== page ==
Jack Gutschenritter: Fracking truth
May 12, 2012
The Steamboat Institute recently held a seminar called "Fracking: The Radical Left's Latest Weapon of Fear." The title for the evening activities sounded unbalanced, so I attended to see what it was all about. It started with introductory background on directional drilling and the fracking process. John Lamb, of Steamboat Energy Consultants, stunned me when he skirted audience questions that were at the heart of the risks that fracking presents.
He was asked why fracking companies aren't more open about the fluids they put down the hole. The questioner added that he was sure they wouldn't be environmentally harmful (seeming to imply that would be imprudent).
Mr. Lamb's reply was that companies consider the fluids to be competitive secrets. I buy this. But the list of hundreds of chemical compounds used across the industry is public record. They are well-known carcinogenic compounds. Not all are used in any one situation. But they almost always are carcinogenic. While the state of Colorado requires disclosure of chemicals used, Quicksilver Resources did not identify them to our Routt County commissioners. They said the Material Safety Data Sheets (MSDS) for the chemicals they use will be at the well site for use by emergency personnel. They also admitted that they might use "found oil" if found in drilling. The components of oil are carcinogenic.
The industry also claims that fracking fluid is water "based" and hopes you don't pursue it further. It is in fact around 98 percent water and a propping agent like silica (sand). The other 1 to 2 percent are the carcinogenic materials needed to reduce friction and perform other functions. A well that uses 4 million gallons of water for fracking can have 1 percent, or 40,000 gallons, of these carcinogenic materials.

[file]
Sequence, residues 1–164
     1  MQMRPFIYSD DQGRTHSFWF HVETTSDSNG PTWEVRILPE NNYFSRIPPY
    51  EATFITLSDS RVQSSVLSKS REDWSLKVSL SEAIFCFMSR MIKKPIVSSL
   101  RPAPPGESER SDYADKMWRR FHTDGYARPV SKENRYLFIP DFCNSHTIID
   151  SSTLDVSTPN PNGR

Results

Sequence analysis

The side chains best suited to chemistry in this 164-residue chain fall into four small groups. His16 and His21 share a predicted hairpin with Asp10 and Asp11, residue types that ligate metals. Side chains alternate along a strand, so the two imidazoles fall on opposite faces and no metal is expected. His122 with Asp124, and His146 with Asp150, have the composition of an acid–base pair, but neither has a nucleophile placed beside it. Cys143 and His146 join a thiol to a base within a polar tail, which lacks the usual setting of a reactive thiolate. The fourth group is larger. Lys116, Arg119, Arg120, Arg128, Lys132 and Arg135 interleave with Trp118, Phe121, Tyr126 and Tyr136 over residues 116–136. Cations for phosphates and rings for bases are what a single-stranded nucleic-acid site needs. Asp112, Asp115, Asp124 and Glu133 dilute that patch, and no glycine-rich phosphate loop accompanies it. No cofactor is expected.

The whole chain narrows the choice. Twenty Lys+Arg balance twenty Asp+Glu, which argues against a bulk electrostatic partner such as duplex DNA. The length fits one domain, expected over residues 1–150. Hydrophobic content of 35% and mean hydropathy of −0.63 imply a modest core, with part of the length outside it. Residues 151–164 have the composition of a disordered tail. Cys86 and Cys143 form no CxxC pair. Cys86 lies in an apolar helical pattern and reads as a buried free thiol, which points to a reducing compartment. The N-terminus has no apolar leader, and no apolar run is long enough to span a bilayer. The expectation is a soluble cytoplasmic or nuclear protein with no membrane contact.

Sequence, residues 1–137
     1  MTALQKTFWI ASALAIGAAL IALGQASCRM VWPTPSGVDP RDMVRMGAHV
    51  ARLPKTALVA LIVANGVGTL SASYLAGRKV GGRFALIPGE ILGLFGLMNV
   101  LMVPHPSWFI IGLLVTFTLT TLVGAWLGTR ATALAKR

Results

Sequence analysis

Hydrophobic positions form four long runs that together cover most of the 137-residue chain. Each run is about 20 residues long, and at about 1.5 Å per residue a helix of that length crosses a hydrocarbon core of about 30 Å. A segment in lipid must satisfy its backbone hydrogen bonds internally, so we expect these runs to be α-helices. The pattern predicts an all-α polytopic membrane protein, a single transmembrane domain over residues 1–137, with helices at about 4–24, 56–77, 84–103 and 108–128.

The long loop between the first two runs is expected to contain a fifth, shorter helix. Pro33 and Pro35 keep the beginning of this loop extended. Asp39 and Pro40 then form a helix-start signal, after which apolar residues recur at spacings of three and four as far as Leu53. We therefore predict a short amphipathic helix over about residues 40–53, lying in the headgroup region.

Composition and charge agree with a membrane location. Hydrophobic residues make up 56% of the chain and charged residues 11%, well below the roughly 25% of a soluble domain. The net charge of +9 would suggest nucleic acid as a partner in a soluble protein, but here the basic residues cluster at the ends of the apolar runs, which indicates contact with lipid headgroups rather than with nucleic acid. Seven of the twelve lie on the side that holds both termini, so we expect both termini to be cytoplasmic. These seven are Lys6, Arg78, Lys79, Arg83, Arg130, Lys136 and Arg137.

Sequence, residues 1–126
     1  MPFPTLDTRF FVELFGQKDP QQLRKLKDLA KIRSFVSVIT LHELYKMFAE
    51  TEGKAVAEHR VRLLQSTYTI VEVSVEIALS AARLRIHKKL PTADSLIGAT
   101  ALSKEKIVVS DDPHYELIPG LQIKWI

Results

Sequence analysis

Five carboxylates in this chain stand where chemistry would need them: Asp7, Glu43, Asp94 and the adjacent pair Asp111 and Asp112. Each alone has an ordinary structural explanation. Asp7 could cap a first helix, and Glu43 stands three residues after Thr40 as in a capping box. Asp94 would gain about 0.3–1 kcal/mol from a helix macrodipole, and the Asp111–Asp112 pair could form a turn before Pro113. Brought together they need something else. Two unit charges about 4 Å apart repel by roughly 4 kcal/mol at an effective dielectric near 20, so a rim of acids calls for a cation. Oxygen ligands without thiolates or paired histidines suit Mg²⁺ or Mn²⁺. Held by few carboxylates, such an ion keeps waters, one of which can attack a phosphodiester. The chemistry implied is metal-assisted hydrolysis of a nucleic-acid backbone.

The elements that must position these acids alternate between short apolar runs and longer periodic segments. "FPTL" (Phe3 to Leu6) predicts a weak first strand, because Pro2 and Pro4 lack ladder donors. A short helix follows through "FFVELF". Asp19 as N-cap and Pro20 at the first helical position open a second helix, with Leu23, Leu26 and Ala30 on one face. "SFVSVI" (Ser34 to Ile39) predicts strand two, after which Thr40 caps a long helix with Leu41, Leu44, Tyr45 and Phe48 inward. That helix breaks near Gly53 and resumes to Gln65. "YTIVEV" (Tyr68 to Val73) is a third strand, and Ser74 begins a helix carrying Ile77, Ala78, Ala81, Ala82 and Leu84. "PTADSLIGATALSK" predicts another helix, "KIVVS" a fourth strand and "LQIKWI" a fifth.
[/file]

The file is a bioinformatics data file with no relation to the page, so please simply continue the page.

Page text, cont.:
Another member of the audience asked about the water that comes back up the well. Mr. Lamb answered that some of the water is "found water" and is all "organic." The questioner countered that arsenic is organic, too, if the term is simply to mean it is naturally occurring. A forthright answer from Mr. Lamb would have been that about 30 percent of the fracking fluid is recovered. The balance is lost underground. This means that 12,000 gallons of carcinogenic materials (30 percent of 40,000 gallons) is lost. Furthermore, "found water," naturally occurring where they drilled, can be forced to the surface. This water has been found to contain radium-226, uranium and radon-222. The industry, while attempting to hide this issue, is quietly enlisting the help of technology companies such as General Electric to figure out a way to treat this water. In the meantime, it is disposed of without treatment effective for radiation or carcinogens. Evaporative ponds, as likely will be used by Quicksilver's treatment vendor, allow these volatile organic compounds to escape to the atmosphere.
The final point of misinformation was the popular industry claim that there have been no proven cases of well contamination. There are in fact hundreds of lawsuits that have been settled, involving hundreds of millions of dollars paid to private and public well owners. The industry trick is to not allow the case to go to judgment but rather to settle without admission of responsibility, and the oil company insists that the case be sealed so that the public cannot view the evidence. One case was documented before this practice was used. In 1987, the EPA found that a Mr. Parsons in Jackson County, W.V., had his well contaminated with fracturing fluids and natural gas by a well 600 feet away.